Wednesday, 31 August 2016

Celebrating Ireland's first female botanist II

Ellen Hutchins Festival: Meeting point
for the lichen foray in Ballylickey
Image: C. Heardman
Following a recent post by Robin Walls, giving a glimpse into what sort of things a BSBI County Recorder actually does, here is another example from Clare Heardman, County Recorder for West Cork. 

Clare has been busy organising this weekend's Cork Recording Event but below, she offers an account of another botanical event she has been involved with recently in her day job as NPWS Conservation Ranger

Over to Clare: 

Fucus capillaris collected by
Ellen Hutchins in Bantry Bay, 1808.
Reproduced with the kind permission of
The Herbarium, Botany Department,
Trinity College Dublin.
"The second annual Ellen Hutchins Festival has just finished in West Cork. Ellen (1785 - 1815) is widely regarded as Ireland’s first female botanist and the inaugural festival took place last year to mark the 200th anniversary of her death. 

"The festival proved so popular that the organisers - me, Madeline Hutchins (Ellen Hutchins’ great great grandniece) and Angela O’Donovan (BantryHistorical Society) - decided to make the event an annual fixture.

"This year the festival started with a seaweed event on Whiddy Island, which was one of the places Ellen visited in the early 1800s, recording and collecting seaweeds. 

"Her finds included species which were first described from Bantry Bay and have thus been preserved as type specimens. 

Pelvetia canaliculata
collected by a participant in
the seaweed event 2016 Bantry Bay
Image: C. Heardman

"The event was led by Dr Susan Steele (Sea Fisheries Protection Authority), who walked us in Ellen’s footsteps, collecting and preserving samples early-1800s style by floating them on to paper. 

"Ellen pre-dated photography and posting specimens of fragile algae to botanists in the UK was a fraught task, so she turned her hand to botanical art, producing some exquisite illustrations. 

Art workshop in progress, Bantry House Stables
Image: C. Heardman
"Most of Ellen’s original artworks are held in  institutions in Britain, but last year permission was obtained from the museum at Kew Gardens to reproduce some of her seaweed drawings. 

"This year the framed prints were displayed in an art trail that stretched from Bantry to Ballylickey and Glengarriff. 

Live botanical art demonstration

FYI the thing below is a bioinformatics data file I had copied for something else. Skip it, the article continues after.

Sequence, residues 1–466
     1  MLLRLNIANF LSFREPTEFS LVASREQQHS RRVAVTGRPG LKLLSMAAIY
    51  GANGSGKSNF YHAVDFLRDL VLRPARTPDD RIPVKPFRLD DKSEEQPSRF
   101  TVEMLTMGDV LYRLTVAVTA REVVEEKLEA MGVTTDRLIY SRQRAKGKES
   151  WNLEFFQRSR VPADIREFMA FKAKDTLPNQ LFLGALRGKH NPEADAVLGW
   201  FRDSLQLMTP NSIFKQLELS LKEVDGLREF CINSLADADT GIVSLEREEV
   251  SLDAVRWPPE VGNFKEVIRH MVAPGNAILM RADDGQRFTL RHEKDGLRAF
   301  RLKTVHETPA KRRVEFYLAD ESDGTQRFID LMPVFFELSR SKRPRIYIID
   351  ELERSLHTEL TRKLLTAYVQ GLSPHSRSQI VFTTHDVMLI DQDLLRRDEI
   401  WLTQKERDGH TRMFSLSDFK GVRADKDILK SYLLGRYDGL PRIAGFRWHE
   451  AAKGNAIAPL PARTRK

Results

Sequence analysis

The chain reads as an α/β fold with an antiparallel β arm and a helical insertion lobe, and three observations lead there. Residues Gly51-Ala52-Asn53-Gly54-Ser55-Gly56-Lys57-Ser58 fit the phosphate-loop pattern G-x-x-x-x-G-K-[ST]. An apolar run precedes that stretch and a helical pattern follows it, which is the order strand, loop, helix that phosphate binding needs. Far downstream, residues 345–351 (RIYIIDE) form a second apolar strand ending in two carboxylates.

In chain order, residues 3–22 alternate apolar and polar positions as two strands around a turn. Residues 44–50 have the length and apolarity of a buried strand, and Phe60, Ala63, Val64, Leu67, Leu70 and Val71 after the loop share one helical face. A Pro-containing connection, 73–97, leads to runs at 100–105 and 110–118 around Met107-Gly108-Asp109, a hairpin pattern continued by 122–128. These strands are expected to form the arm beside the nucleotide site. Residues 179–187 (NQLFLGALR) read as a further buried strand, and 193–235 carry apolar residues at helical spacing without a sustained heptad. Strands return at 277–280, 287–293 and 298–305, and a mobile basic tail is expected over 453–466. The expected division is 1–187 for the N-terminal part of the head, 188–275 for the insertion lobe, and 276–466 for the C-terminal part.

with Shevaun Doherty.
Image: C. Heardman
"Also displayed in shop windows and other premises, were exhibition panels and prints of some of her specimens, reproduced with the kind permission of institutions such as Trinity College Dublin (TCD).

"Continuing the art theme, award-winning botanical artist Shevaun Doherty gave a wonderful two-day workshop in the atmospheric location of Bantry House Stables and Gardens. Like Ellen, Shevaun produces the most exquisite and accurate watercolours of plants. 

"The workshop was followed by a live art demonstration by Shevaun in Organico Café. Meanwhile budding artists aged 4-14, took part in a nature art event which including doing leaf rubbings.

"Another workshop which took place during the festival was a two-day introduction to cryptogams, the branch of botany that Ellen specialised in. 

A rubbing of a fern during one of the
children’s nature art events
Image: C. Heardman
"Dr Howard Fox, a botanist based in the herbarium at the National Botanic Gardens Glasnevin, and his partner Maria Cullen, took the participants on a journey into the world of lichens, bryophytes and algae at Ballylickey House, where Ellen was born, and Ardnagashel Estate, where she spent the last few months of her life.

"At a panel discussion later in the week, Howard, Shevaun and Madeline were joined on the stage by Sean Moffatt. Sean is a scriptwriter for television and radio who became fascinated by Ellen’s story and produced a piece for RTE last year about the discovery of some of Ellen’s specimens in TCD. 

Looking at lichens on the shore
at Ardnagashel with Dr Howard Fox
Image: C. Heardman
"The contributions of the four panellists were complemented by a pop-up exhibition of photos, letters, books, prints and other Ellen-related memorabilia which is owned by the Hutchins family. The pop-up exhibition also proved a popular attraction at Bantry House during their open garden day as part of Heritage Week.